levitation is a concept which still sounds like magic
to most people, despite its introduction in infrastructure
and gadgets around the world - the most popular being
the maglev train.
trains utilize a strong magnetic field in the rail to
suspend a train using the forces of repulsion, and to
propel the train using both repulsion and attraction.
High speed maglev train
(Image courtesy of FYS)
- a diamagnetic material
trains operate using electromagnets, the same effects
can be demonstrated using static magnets, which is will
be demonstrated here.
are attracted by both poles of a magnet, such as iron.
These metals are known as ferrous metals.
there exists another group of metals which have a property
called diamagnetism. Materials such as bismuth, carbon,
graphite and aluminium possess this weird property.
Diamagnetic materials are seen to slightly repel both
poles of a magnet.
behind diamagnetic levitation in the lab is to levitate
a small, but very powerful neodymium magnet between
two layers of diamagnetic material. This is done by
attracting the small magnet using a larger one above
the top piece of diamagnetic material.
big magnet pulls the small one up, it arrives at an
equilibrium state whereby the small magnet has enough
force to overcome gravity, but not enough to overcome
the additional repelling forces posed by the top piece
of diamagnetic material. Thus it appears to hover
in mid air.
of neodymium magnets inside a hard disk
(Image courtesy of Renewable Energy
rare-earth neodymium magnets are found in hard disks,
CD-rom drives and speakers.
They'll be pretty easy to find in an old hard disk (may
need a hammer to bust it open first though), but in
a CD-drive you will have to completely dismantle the
optical mechanisms PEACEFULLY (avoid the hammer this
time). They can be harder to get out of speakers.
with any salvage job, patience is a virtue.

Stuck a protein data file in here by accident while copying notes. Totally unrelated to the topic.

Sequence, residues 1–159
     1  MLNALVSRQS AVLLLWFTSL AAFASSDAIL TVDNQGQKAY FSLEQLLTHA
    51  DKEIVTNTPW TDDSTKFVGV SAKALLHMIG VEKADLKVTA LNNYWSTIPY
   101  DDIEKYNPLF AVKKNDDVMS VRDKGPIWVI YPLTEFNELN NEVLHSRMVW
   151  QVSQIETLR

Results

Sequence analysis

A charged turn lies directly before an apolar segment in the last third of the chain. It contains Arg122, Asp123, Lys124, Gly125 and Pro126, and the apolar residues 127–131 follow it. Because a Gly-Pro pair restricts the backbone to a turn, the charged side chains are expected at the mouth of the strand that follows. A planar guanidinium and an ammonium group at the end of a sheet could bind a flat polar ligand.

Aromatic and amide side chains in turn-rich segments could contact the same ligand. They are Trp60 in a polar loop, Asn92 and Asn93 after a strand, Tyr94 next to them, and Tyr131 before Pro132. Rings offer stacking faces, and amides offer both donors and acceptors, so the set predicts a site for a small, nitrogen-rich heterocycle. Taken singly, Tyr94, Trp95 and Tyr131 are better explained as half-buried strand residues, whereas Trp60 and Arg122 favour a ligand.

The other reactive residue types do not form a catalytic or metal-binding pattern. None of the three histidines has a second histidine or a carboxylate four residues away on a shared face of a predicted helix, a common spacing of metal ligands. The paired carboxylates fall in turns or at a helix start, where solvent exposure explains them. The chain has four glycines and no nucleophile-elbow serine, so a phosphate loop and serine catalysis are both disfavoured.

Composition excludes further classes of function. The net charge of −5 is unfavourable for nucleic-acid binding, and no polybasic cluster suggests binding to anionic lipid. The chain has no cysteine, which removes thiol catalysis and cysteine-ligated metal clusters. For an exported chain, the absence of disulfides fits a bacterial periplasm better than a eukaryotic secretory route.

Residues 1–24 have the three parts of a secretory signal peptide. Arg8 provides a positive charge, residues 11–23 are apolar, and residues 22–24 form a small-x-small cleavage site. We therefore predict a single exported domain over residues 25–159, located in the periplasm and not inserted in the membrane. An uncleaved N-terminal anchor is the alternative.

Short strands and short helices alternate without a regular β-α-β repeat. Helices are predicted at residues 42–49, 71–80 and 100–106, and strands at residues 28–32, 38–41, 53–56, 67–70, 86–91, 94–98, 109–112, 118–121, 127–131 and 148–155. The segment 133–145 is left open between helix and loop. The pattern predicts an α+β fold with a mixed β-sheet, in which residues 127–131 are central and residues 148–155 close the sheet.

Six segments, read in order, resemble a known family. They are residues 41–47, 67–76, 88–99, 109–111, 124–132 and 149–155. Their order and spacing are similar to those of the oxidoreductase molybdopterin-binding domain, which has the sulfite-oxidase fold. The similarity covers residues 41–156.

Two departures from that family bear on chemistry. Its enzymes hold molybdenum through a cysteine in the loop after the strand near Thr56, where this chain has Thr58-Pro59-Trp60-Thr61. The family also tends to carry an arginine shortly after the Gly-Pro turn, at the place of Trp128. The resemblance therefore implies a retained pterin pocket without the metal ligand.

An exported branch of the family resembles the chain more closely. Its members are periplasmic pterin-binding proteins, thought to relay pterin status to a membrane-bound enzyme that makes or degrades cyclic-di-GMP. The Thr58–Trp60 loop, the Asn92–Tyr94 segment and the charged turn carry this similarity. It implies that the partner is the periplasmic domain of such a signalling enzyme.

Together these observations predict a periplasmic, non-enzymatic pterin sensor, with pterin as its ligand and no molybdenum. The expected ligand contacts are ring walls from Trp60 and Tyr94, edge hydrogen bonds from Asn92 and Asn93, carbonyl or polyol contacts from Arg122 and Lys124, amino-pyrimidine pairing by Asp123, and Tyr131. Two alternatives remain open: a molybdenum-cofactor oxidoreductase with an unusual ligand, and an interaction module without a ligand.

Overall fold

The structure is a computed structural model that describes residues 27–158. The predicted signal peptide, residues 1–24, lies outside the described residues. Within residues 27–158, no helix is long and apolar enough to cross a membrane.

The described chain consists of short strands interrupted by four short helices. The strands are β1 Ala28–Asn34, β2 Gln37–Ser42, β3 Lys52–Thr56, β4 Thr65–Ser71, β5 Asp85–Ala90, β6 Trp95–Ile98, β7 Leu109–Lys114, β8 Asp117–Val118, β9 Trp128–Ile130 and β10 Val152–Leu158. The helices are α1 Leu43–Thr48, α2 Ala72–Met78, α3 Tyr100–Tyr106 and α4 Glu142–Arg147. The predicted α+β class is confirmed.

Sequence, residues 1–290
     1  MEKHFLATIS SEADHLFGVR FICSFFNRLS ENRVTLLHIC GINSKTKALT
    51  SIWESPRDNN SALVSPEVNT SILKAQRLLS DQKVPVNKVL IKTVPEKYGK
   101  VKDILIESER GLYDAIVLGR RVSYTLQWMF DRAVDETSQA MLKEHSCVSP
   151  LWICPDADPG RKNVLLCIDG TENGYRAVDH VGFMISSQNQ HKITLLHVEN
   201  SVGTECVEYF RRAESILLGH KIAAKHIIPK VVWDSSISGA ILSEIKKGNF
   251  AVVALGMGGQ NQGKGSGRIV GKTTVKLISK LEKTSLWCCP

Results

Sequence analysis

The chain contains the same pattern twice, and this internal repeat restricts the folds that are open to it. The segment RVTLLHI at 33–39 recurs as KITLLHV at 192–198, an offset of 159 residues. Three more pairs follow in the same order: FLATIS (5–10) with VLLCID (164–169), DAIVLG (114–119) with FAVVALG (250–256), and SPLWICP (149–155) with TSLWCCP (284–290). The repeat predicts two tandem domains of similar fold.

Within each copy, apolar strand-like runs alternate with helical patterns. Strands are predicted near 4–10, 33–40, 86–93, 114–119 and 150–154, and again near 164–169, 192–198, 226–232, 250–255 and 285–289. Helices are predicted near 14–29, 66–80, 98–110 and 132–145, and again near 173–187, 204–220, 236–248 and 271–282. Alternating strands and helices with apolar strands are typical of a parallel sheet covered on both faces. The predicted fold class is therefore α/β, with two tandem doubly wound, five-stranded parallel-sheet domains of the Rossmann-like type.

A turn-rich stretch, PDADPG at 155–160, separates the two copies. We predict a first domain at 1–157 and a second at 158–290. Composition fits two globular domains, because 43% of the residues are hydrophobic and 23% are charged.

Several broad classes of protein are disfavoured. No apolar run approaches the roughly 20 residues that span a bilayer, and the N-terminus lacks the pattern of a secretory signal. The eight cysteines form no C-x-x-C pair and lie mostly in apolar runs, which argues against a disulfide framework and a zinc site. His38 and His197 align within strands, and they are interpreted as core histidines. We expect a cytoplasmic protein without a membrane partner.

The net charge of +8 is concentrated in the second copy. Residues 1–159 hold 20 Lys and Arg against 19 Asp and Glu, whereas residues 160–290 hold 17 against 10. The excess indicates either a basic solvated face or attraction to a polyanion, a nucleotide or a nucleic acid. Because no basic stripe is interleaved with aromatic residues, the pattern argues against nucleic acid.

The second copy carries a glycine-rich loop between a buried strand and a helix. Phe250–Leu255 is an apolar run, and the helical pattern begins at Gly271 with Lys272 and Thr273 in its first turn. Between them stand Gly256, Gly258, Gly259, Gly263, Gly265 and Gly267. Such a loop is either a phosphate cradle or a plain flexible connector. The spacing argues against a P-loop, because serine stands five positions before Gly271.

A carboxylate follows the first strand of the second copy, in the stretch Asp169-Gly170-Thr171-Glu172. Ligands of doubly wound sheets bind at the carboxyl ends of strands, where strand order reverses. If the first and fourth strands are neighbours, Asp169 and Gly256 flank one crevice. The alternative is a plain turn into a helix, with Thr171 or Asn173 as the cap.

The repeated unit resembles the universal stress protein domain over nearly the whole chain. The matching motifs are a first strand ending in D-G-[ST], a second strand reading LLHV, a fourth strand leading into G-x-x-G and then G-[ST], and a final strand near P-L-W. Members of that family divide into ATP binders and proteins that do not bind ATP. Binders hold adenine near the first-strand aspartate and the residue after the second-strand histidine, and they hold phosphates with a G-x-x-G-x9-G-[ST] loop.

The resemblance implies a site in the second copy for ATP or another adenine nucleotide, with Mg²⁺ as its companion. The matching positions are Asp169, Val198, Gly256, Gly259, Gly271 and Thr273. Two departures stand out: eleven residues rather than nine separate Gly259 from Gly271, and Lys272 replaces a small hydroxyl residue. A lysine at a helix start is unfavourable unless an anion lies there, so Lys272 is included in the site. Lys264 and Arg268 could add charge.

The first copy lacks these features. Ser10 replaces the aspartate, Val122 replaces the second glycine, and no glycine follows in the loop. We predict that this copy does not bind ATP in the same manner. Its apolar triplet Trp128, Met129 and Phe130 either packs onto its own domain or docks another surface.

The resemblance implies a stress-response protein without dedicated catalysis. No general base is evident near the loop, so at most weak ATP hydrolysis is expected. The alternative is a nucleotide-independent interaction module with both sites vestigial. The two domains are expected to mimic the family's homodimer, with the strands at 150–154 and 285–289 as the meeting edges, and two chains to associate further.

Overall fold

bismuth is by far the best material for this demonstration
and provides the best results, it is relatively expensive
and hard to come-by. In the mean time... aluminium will
have to do. It sucks, and it's tricky to set up, but
the setup in real life. Compare it to the above diagram
to see the similarities.
results! Hovering a mere fraction of a millimeter above
and below the aluminium disks.
here is possibly the easiest, fastest, and cheapest
form of magnetic "levitation" ever!
ring magnets in the photo are magnets from a dismantled
magnetron - the heating element in microwave ovens.
If you do go salvaging these, they can be found in-between
the magnetron cooling fins. A hammer is useful for
doing the hard work, provided you don't go smash your
way through the magnets themselves.
magnetron magnets have a lower power density relative
to neodymium magnets, but because they are quite large,
still pack a lot of punch.
put this quick and easy demonstration together, a PVC
pipe of suitable diameter is simply placed into the
rings of a few magnets which serve as a base.
magnet is placed through the PVC pipe in the opposite
way so that it repels the 'base' magnets.
that if the PVC pipe wasn't there, the top magnet would
just flip over and snap straight onto the base magnets,
and you would probably end up with shards of magnet
all over the floor. Though I would like to see this
done with transparent PVC tube!
using only a couple of magnets as a base, the rest of
them can be suspended in a S-(NS)-(SN)-(NS)... configuration,
so that all magnets repel each other.
width of the gaps between the magnets seem to follow
some sort of natural growth trend, although there is
a clearly a limiting factor as the top magnet cannot
be suspended anymore than its repelling power allows
gaps are evidently smaller towards the base, as the
lowest magnet has to carry the weight of all the magnets